How Long After a Separation Can You Obtain a Divorce?

By Beverly Bird

If your state accepts separation as grounds for divorce, this is one of the easiest grounds on which to file, because it is usually indisputable. In most cases, one spouse stays in the marital residence and the other moves elsewhere. You don’t have to go to excessive lengths to prove your spouse guilty of any particular misconduct. However, you can’t separate and file for divorce a week later. All states require that you remain separated for a while before you can file.

Definition of Separation

Some states, such as Virginia and Illinois, do not require you and your spouse to take up separate residences to begin your separation. If you remain under the same roof, however, you must cease marital relations and essentially live as roommates. You must maintain separate bedrooms and confine your contact to common areas of your home, such as the kitchen. Even then, your contact should be in passing, not taking meals together. Your separation begins on the date you start living this way. If one of you moves out, that’s your beginning date. If you reconcile, even for a night, most states require that you start the count all over again.

Separation as a No-Fault Ground

Most states consider separation a no-fault ground for divorce. When you and your spouse part ways, it’s usually an acknowledgment by both of you that your marriage is over. However, you must still establish that there’s no hope of reconciliation by remaining apart. This time period ranges from six months in Louisiana and Montana to a matter of years. For example, in Hawaii and Pennsylvania, you must remain separated for two years. In Rhode Island and Texas, it is three years, and in Idaho, you must stay separated for five years. Some states, like Illinois, Vermont and the District of Columbia, allow you and your spouse to mutually waive the statutory time period and file for divorce after six months.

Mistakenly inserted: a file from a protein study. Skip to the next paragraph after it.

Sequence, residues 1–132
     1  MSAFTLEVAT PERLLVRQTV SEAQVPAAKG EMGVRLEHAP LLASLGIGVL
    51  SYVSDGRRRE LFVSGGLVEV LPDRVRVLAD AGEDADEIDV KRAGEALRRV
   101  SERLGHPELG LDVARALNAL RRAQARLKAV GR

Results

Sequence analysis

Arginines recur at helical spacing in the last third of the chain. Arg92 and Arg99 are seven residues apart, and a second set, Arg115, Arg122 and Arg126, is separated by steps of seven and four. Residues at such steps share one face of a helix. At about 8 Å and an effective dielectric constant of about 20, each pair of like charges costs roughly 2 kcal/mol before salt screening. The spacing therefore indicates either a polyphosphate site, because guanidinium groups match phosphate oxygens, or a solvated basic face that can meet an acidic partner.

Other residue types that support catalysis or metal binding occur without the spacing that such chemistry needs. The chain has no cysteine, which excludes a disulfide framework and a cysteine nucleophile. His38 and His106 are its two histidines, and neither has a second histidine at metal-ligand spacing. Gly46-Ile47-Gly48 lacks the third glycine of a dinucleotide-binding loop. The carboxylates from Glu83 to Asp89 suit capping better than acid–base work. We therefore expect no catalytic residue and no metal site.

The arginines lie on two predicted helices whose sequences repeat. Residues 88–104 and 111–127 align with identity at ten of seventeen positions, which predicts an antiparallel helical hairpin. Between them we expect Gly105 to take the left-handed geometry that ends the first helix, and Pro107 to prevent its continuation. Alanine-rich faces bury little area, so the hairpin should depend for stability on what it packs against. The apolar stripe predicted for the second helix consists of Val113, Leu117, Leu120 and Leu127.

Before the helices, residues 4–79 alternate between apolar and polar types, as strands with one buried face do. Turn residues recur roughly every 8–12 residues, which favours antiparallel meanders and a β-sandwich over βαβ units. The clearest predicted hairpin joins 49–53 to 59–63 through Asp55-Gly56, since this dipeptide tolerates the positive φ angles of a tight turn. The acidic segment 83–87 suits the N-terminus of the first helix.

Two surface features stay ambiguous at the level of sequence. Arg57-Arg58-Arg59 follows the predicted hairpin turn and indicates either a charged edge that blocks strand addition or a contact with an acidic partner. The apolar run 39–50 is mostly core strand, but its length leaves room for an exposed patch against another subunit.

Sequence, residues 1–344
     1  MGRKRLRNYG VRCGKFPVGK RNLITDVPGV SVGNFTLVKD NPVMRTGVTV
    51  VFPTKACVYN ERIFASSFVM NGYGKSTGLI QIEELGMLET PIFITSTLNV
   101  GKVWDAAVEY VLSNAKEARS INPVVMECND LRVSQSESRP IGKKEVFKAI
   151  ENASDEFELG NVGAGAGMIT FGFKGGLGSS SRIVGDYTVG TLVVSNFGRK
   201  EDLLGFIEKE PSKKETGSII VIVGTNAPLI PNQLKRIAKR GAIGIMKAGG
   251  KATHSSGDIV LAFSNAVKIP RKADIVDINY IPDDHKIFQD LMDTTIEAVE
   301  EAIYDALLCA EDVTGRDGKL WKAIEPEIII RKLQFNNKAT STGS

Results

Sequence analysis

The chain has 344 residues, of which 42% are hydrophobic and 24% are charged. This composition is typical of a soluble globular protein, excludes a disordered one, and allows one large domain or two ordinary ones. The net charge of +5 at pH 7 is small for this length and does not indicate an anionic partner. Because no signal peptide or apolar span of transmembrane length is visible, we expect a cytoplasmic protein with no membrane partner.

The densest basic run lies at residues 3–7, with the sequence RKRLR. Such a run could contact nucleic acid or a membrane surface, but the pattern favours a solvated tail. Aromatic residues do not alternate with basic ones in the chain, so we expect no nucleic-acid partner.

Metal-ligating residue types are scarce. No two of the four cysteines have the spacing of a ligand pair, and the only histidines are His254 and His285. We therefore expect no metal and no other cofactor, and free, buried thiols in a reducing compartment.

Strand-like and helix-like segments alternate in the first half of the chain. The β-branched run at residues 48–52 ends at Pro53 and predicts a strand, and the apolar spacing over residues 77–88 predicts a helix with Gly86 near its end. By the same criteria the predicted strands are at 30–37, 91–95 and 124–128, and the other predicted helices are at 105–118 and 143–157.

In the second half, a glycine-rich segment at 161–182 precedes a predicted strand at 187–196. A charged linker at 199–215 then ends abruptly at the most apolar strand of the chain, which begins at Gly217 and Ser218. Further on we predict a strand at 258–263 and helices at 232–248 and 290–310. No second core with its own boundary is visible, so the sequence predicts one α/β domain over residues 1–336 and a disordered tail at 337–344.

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Separation as a Fault Ground

Separation is generally not a fault ground unless one spouse opposes it. When this occurs, most states refer to it as either abandonment or desertion. There’s usually still a time requirement, however. This is generally a year, such as in Connecticut, Utah and Illinois, but the requirements vary from state to state. New Hampshire calls this fault ground the “unexplained absence” of your spouse and he must remain away for two years. In Arkansas and Nevada, separation is both a fault and a no-fault ground.

Filing for Divorce

After you’ve met the separation requirement for your state, you can’t automatically be divorced. You must then file for divorce. Some states have waiting periods between the time you file and the time you receive your divorce, even after you’ve lived separately for a significant period of time. This can be as short as a month in Alabama to three months in Washington and six months in Louisiana. A few states, such as Arkansas, waive the waiting period if you’ve already lived separately long enough to qualify for this ground.

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Does Separation Time Count in Divorce
 

References

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Arkansas Laws for Separation

Marital separation can be particularly complicated in Arkansas because the state recognizes two types of marriages and three kinds of legal separation. Sorting through all the laws and rules pertaining to each can be daunting, but the method of separation you choose comes down to a few basics: your personal preferences, your ability to negotiate and how you got married.

Connecticut Divorce Law on Living Separate Lives in the Same Home

Sometimes it is not feasible for one spouse to move out of the marital home in preparation for a divorce. The drive to save money by maintaining one household, as well as keeping both parents in frequent contact with the children, may encourage you and your spouse to remain living in the same home but establish separate lives. In Connecticut, you can still get a divorce if you live in the same house, but you cannot base the divorce on grounds of separation.

How to Obtain a Legal Separation if a Spouse Refuses to Leave in North Carolina

Unfortunately for some spouses in North Carolina, separation is often the only way they can obtain a divorce. The state does not recognize fault-based divorce, which means you must either separate from your spouse for a year before you can file or your spouse must be legally insane. North Carolina does not allow you to live under one roof during your separation; one spouse must move out and establish his own residence. Therefore, if your spouse refuses to leave the marital home, getting a divorce will be more difficult. However, there are ways around this, such as filing for legal separation instead.

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